Microsoft Office Tutorials and References
In Depth Information
4.2 Getting Help
4.2 Getting Help
If you are like me, you will probably make extensive use of Microsoft's Excel VBA help files
while programming. The simplest way to get help on an item is to place the cursor on that item
and hit the F1 key. This works not only for VBA language keywords but also for portions of the
Note that Microsoft provides multiple help files for Excel, the VBA language, and the Excel
object model. While this is quite reasonable, occasionally the help system gets a bit confused and
refuses to display the correct help file when we strike the F1 key. (I have not found a simple
resolution to this problem, other than shutting down Excel and the Visual Basic Editor along with
Note also that a standard installation of Microsoft Office does not install the VBA help files for
the various applications. Thus, you may need to run the Office setup program and install Excel
VBA help by selecting that option in the appropriate setup dialog box. (Do not confuse Excel help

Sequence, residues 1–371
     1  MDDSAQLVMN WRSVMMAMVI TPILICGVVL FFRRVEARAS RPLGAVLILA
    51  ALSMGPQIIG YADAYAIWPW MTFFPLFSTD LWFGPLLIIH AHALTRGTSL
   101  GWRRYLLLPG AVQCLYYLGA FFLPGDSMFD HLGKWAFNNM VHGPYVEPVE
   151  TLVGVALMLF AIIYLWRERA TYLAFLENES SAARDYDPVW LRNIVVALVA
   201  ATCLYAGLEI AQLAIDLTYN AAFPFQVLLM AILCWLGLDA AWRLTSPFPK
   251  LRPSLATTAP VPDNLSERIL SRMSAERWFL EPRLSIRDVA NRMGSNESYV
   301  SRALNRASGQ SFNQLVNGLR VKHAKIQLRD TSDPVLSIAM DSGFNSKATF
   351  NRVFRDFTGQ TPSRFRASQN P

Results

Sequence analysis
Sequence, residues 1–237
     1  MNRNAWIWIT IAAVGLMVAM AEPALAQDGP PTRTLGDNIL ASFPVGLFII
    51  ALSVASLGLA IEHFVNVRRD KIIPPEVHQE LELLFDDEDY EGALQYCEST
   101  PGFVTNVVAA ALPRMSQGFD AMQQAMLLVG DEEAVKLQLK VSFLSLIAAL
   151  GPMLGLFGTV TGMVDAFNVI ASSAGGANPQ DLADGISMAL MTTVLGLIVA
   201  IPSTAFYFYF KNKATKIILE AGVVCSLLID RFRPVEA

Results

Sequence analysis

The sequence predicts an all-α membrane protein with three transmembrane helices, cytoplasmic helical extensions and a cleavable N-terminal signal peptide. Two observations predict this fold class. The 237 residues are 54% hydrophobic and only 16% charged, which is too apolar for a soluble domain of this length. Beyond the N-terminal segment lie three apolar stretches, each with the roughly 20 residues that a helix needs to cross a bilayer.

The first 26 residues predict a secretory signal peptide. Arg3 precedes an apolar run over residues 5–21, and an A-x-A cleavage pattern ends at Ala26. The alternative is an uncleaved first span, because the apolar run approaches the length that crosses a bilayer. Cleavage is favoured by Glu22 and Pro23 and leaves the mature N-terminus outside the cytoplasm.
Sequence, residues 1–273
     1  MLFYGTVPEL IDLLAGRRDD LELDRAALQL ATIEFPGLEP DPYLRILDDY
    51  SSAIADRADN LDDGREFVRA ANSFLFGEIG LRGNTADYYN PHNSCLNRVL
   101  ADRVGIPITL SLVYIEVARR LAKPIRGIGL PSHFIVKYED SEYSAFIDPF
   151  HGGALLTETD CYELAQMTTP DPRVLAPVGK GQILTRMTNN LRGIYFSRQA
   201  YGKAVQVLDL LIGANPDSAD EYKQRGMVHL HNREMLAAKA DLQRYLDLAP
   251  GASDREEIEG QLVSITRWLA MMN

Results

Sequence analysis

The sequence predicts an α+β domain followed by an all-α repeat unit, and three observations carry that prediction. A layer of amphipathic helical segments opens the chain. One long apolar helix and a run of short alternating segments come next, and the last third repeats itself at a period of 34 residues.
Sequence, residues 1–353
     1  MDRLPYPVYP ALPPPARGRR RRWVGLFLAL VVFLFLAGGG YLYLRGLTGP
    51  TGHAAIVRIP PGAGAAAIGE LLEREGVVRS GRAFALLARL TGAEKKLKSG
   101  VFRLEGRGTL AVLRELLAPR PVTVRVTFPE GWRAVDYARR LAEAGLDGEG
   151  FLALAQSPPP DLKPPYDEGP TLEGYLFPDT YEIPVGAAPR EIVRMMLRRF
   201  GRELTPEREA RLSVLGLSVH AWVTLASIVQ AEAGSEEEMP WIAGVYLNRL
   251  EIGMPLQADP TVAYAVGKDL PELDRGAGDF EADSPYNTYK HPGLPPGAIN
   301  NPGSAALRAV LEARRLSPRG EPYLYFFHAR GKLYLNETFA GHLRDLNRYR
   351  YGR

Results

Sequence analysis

with Excel VBA help.)
4.3 Creating a Procedure
There are two ways to create a new procedure (that is, a subroutine or a function) within a code
module. First, after selecting the correct project in the Project Explorer, we can select the
Procedure option from the Insert menu. This will produce the dialog box shown in Figure 4-1 . Just
type in the name of the procedure and select Sub or Function (the Property choice is used with
custom objects in a class module). We will discuss the issue of public versus private procedures
and static variables later in this chapter.
Figure 4-1. The Add Procedure dialog box
A simpler alternative is to simply begin typing:
Sub SubName
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